Let’s prepare to make a start Bonnie Laddie, O
I’ll agree with all my heart, Bonnie Lassie, O
And for future let us say
When we kneelest down to pray;
May God help us on our way, Bonnie Lassie, O
May God help us on our way, Bonnie Lassie, O
What about Mariah’s family left behind in England? The histories report that Mariah and William were the first of their families to come to America and that as other family members emigrated, they stayed with the Beddoes family until they found work and homes of their own. I imagine that many letters were sent back and forth and that Mariah’s mother, Phebe, learned of her American grandchildren. Phebe and Enoch died in England and never saw Mariah and little Selina again.
At great sacrifice, Mariah left all she knew and started a new life with William and two little girls. Their song shows that their faith in God overcame all obstacles.
- Birth Certificate, Maria Brockhouse, 9 March 1842, GRO, Somerset House, London, Memories, Mariah Brockhouse (1842-1926) KWCB-KQH, FamilySearch (https://www.familysearch.org/photos/artifacts/11064635 : accessed 16 April 2023), contributed by Diana S. Elder, 23 October 2014.
- “England, Staffordshire, Church Records, 1538-1944,” Maria Brockhouse baptism, 14 Mar 1842, database with images, FamilySearch (https://www.familysearch.org/ark:/61903/1:1:QL3R-1XGN : 8 July 2020) ; citing Baptism, Willenhall, Staffordshire, England, United Kingdom, Staffordshire & Stoke on Trent Archive Service, Stafford; FHL microfilm 7,566,701.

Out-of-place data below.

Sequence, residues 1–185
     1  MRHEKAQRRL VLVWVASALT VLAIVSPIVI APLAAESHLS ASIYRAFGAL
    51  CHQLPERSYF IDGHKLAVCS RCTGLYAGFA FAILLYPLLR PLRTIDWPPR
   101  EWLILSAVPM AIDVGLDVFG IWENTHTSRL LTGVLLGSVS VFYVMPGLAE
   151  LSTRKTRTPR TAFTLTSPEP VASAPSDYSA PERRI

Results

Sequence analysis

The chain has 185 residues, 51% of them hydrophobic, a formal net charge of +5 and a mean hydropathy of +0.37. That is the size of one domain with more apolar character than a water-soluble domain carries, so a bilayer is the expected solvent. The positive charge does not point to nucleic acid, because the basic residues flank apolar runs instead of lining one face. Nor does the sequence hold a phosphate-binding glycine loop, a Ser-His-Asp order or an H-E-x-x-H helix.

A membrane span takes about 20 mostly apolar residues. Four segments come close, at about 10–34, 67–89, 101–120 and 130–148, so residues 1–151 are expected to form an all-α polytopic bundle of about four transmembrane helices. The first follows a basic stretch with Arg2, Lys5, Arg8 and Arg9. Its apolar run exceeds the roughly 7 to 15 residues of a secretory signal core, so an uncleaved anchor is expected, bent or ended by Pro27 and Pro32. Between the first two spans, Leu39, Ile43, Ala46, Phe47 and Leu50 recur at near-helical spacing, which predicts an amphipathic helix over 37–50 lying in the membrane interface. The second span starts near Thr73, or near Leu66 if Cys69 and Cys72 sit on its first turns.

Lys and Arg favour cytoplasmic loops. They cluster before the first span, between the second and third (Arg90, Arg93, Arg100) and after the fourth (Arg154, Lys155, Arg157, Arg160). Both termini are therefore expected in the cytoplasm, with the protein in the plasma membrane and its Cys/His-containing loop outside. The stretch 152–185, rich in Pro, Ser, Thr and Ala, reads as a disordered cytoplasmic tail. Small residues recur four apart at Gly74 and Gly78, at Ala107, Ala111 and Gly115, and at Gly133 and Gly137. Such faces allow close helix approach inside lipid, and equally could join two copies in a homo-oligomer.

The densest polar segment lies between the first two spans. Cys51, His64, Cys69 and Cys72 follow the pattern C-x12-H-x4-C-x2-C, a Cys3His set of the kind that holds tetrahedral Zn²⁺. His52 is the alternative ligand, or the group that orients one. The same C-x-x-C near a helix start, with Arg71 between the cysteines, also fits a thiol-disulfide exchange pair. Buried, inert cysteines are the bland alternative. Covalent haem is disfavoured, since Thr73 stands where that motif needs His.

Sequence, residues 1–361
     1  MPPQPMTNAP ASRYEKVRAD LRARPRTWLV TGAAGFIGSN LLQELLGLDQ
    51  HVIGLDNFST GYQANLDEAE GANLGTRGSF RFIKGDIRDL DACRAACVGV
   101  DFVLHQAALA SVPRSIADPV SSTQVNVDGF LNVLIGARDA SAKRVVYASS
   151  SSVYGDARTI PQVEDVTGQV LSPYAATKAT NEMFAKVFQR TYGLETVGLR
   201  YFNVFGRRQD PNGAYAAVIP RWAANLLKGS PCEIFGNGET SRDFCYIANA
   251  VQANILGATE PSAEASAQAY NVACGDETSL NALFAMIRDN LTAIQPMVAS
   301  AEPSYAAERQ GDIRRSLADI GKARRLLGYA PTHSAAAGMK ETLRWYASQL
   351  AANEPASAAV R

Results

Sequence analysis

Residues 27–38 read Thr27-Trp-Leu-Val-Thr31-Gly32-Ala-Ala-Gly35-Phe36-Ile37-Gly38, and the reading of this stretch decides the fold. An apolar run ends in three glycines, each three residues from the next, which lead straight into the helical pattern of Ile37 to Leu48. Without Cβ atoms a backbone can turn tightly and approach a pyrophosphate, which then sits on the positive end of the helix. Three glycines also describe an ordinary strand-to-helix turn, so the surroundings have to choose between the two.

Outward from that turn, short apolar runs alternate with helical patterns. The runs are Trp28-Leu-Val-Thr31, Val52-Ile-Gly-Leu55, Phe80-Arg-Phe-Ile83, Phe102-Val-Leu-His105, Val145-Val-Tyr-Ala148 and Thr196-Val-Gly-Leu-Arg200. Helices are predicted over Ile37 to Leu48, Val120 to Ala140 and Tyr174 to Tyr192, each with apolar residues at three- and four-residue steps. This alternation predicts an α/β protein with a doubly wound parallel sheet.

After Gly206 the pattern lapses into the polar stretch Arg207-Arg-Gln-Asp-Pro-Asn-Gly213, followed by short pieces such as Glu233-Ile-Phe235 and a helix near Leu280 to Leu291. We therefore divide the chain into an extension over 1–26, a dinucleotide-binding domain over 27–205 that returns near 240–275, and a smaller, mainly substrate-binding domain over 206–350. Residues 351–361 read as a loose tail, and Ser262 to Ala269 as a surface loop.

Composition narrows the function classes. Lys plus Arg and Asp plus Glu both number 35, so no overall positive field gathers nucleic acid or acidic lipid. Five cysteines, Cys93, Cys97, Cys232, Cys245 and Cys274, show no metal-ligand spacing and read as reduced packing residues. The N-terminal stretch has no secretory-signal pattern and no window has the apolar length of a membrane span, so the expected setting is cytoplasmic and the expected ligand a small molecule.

- “England Census, 1851,” Staffordshire, Bilston, William Beddows, database with images, Ancestry (https://www.ancestry.com/imageviewer/collections/8860/images/STSHO107_2021_2021-0508 : accessed 14 April 2023); Citing the National Archives, Lond, England, Class: HO107; Piece: 2021; Folio: 342; Page: 41; GSU roll: 87425-87426.
- “The Life Story of Riah Brockhouse,” Memories, Mariah Brrockhouse (1842-1926) KWCB-KQH, FamilySearch (https://www.familysearch.org/photos/artifacts/4172900 : accessed 16 April 2023), contributed by Nicole Elder Dyer, 29 December 2013.
- “Life History of Selina Beddoes Kelsey by Eliza Beddoes Curtis (her sister), Memories, Selina Beddoes (1864-1962) G913-WL6, FamilySearch (https://www.familysearch.org/photos/artifacts/24262737 : accessed 16 April 2023), contributed by TERRY60, 28 March 2016.
- “New York, U.S., Arriving Passenger and Crew Lists (including Castle Garden and Ellis Island), 1820-1957,” Wm, Mariah, and Selina Beddows 28 July 1868, ship Colorado, database with images, Ancestry (https://www.ancestry.com/imageviewer/collections/7488/images/NYM237_299-0025 : accessed 14 April 2023).
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Thanks for the note!